Category Archives: creationism

Richard Dawkins – speech to Reason Rally, 2016

This was Richard Dawkins’ speech to the 20116 Reason Rally in Washington DC last week.

Richard suffered a mild stroke earlier this year and this video shows he is still not fully well. Anyway, too unwell to travel so he presented the speech as a video.

There is nothing new here – he has made all these points before. But these points are well worth repeating, and he makes them so well.

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Sunday reading – Richard Dawkins reads some of his “fan mail”

This is a more recent version of Richard Dawkins reading some of his “fan mail.”

Don’t remember much of the first batch he read – but get the impression the language skills of fundamentalists has become even poorer in the intervening period.

Warning – explicit language.

via Love Letters to Richard Dawkins – YouTube.

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Creationist ‘audits’ science museum

Imagine you are 10 years old and your crazy aunt is taking you out for a treat.

A crazy aunt can be fun. Problem is this aunt is also a creationist and she is taking you to the local natural history museum.

Well it never happened to me (not that I didn’t have a crazy aunt) but I imagine this is what it would be like.

The museum is the Chicago Field Museum of Natural History – looks great.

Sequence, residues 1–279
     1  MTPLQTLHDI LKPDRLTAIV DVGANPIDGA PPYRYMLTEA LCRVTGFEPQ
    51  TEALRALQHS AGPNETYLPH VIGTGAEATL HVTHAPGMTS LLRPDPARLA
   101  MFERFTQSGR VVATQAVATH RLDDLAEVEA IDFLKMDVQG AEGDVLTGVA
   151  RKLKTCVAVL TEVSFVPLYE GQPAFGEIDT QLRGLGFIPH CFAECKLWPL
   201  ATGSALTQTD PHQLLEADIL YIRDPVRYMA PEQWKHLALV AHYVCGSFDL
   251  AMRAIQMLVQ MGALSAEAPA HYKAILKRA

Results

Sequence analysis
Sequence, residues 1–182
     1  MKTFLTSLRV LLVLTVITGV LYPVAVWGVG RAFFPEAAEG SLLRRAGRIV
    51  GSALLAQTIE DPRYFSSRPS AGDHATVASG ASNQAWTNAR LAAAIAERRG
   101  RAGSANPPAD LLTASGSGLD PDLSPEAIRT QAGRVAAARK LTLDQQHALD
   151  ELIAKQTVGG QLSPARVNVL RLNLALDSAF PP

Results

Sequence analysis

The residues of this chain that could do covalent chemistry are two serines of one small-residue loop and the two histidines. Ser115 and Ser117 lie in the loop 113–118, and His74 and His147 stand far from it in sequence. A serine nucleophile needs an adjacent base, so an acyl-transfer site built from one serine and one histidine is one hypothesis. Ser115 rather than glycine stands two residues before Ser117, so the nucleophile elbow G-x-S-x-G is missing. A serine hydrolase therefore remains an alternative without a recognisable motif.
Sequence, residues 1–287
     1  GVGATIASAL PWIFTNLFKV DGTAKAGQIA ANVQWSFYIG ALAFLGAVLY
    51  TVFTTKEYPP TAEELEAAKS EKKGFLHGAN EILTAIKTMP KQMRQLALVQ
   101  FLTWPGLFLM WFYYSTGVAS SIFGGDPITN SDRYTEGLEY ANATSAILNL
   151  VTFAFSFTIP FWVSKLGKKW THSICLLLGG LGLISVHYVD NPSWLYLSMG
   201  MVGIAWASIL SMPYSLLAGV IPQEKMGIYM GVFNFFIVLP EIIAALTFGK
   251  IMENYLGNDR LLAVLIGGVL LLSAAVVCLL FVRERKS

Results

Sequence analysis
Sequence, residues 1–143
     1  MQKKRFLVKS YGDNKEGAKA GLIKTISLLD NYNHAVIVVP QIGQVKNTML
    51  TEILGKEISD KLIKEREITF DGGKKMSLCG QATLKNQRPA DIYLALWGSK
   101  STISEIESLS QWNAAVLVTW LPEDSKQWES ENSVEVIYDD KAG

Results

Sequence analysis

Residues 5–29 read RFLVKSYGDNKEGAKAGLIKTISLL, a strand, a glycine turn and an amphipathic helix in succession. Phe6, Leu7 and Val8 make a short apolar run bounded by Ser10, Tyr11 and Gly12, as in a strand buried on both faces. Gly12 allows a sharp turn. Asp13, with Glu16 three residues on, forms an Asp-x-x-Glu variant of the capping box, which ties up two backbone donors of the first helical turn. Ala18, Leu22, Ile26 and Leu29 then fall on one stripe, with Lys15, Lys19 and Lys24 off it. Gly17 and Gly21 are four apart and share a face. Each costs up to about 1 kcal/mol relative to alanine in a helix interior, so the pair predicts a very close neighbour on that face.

Thanks to: Christian Fundamentalist Goes To Science Museum To ‘Audit’ Its Liberal Bias, Makes Ass Of Self VIDEO.

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Determining scientific knowledge by petition

Some readers may be familiar with the “Scientific Dissent from Darwinism” petition organised by the Discovery Institute. It’s a classic example of trying to decide science by petition. The petition still gets trundled out by creationists attempting to “prove’ that the acceptance of evolutionary science is weak in the scientific community – or that many “brilliant” scientists oppose Darwin’s ideas.

Six years ago I did my own brief analysis of signatories to the petition specifically to check their scientific credentials (see Who are the “dissenters from Darwinism”?). I really only looked at a sample (those with the first name Steve, and the three from New Zealand).

The other day in my surfing I came across another analysis of these signatories at Rational Wiki (see A Scientific Dissent From Darwinism). This appears to have attempted to check the credentials of everyone on the list. It is worth having a browse to get an idea of what motivates these people..

By the way, I came across a new term I have not heard before – Wingnut welfare.

It is worth doing this sort of analysis when you come across similar petitions – the are common with those wanting to deny the current scientific consensus on an issue. Petitions like this have been produced by climate change deniers and opponents of fluoridation.

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Losing trust in religious leaders